Emission-control software built into US-made Volkswagen models, that were found to be violating US clean air rules, have also been used in other VW group diesel cars around the world, Volkswagen has confirmed. This is expected to have a significant impact on the OEM’s global supply chain.
Around 11m VW Group vehicles worldwide are fitted with diesel engines with software ‘irregularities’.
The OEM has announced that it plans to set aside €6.5 billion ($7.3 billion) in the third quarter of this year, to cover the costs of fixing the problem. The money needed could increase as the investigation grows.
The provisions set aside will cover service measures and other ways to regain customers’ trust. VW has said, “Earning targets for the group for 2015 will be adjusted accordingly,” but provided no further information.
VW diesel vehicles with Type EA 189 engines have shown a considerable difference in emission levels between testing and road use.
In the US, VW faces fines of up to $18 billion after it admitted to cheating in diesel car emissions tests. One class-action lawsuit has already been filed, claiming fraud and breach of contract, and the diminished value of the vehicles (500,000 recalled so far), which usually have a premium price over petrol cars. The cars may also have degraded horsepower and fuel efficiency.
Shravan Kumar Gudur, research analyst at Frost & Sullivan said, "In the recent past Toyota and General Motors too faced [a criminal investigation] for the unintended acceleration crisis and ignition switch problem respectively. However both the companies managed to sign deferred-prosecution agreements which allows criminal charges to be dropped later. VW may not be able to negotiate a similar deal with the US authorities as the crime is environmental in nature. VW’s global operating profit for 2014 was $17 billion, $1 billion lesser than the potential fine in USA alone!"
The Environmental Protection Agency said VW has violated the Clean Air Act by adding ‘defeat devices’. This is software that is programmed to switch engines to a cleaner mode during official emissions testing. During normal driving, the software switches off, allowing cars to emit up to 40 times the legal limit of pollutants.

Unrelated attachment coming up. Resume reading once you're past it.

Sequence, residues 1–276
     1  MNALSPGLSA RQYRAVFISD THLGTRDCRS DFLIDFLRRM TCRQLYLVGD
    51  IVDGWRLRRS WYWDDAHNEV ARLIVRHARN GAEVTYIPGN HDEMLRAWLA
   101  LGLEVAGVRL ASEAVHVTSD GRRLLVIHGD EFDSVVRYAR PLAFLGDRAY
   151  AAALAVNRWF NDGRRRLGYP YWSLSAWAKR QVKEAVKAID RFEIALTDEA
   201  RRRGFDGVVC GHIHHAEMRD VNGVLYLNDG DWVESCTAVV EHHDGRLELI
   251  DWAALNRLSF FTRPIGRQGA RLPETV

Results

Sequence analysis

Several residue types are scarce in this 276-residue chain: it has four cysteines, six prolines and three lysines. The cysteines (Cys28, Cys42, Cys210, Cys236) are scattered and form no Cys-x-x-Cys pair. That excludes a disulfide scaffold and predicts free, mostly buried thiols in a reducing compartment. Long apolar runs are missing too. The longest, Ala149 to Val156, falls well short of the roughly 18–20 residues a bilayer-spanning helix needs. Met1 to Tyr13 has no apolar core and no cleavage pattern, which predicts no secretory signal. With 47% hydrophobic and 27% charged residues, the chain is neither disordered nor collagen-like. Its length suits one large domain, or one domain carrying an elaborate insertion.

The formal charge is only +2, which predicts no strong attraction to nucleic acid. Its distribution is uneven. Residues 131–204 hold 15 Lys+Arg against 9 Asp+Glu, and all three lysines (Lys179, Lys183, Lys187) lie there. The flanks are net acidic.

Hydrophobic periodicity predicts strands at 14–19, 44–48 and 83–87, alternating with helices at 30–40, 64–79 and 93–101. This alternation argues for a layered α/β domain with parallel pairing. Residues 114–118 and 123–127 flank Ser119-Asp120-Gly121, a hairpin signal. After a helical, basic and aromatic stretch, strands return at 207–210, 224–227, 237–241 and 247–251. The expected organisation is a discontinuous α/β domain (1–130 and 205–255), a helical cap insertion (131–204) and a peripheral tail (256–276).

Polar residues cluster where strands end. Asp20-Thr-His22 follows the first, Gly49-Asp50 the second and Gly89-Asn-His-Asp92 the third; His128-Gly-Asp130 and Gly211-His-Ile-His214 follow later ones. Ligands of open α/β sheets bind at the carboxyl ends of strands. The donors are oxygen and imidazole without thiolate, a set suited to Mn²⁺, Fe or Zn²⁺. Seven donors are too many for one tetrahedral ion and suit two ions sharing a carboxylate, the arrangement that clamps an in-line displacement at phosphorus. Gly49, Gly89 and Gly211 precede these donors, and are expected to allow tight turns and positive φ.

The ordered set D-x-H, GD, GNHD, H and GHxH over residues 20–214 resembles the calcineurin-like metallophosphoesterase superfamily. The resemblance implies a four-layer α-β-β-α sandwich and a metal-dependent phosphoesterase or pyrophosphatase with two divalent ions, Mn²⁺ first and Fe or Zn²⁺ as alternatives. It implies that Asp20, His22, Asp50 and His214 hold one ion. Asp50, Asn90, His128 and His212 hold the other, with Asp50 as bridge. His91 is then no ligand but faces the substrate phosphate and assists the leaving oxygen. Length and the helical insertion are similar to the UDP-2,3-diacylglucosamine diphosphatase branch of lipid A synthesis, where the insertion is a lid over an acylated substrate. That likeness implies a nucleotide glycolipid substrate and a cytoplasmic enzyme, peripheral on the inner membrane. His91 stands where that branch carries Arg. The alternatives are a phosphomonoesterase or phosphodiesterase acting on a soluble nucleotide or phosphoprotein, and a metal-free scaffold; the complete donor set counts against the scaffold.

Gudur said that if the solution is software programming in the ECU, the issue could be very small and may take around a month for the 650 dealers in the US to recall the vehicles and flash the ECU with newer software. However, if the solution is hardware replacement, VW may take more time to recall and replace the defective parts due to production and logistical reasons.
US sales halt
In the US, VW has already halted sales of vehicles equipped with the affected engines. The OEM has stopped selling 2015 and 2016 VW and Audi models equipped with 4-cylinder turbo diesel engines, as well as used cars that have the engine.
VW has said that it doesn’t have a figure on how many units will be stranded on dealer lots, but in August, 23% of VW vehicles sold in the US were diesels (7,400 units).
While VW is the world’s biggest carmaker, it has struggled in the US, with around 2% of the market. This is despite huge investments, including a major assembly plant in Tennessee and a plant in Mexico to manufacture Audi SUVs primarily for the US market.
Martin Winterkorn, chief executive at Volkswagen announced his resignation on Wednesday September 23rd. In a statement he said he was, "shocked by the events of the past few days.
"Above all, I am stunned that misconduct on such a scale was possible in the Volkswagen Group," he continued. A successor for Winterkorn will be decided on Friday at a supervisory board meeting.
A global issue
Ten million of the 11 million affected engines are on European roads.Representatives in countries such as Germany, France, South Korea, Italy and the UK have announced that they are now also looking into the revelations. Shares have decreased by 20% today, after declining 19% yesterday. Overall, the stock has dropped 41% in 2015 so far.
In Europe the carmaker said it was working with the relevant authorities and the Germany Federal Motor Transport Authority – KBA.
Gudur, Frost & Sullivan has said that while there isn't an immediate threat of recall in Europe, individual countries could pressurise VW to come clean on their diesel engines in their countries. This will put an additional financial burden in the short-term, and potentially be more than the €6.5 billion originally earmarked by VW.
Although the fines VW potentially faces in the US are significant, along with the loss in revenue after halting new sales, the same could be replicated the world over, with further sales halts, investigations, recalls and fines. No production halts have been announced yet, but as the story gathers pace, that is a possibility, along with changes to export figures.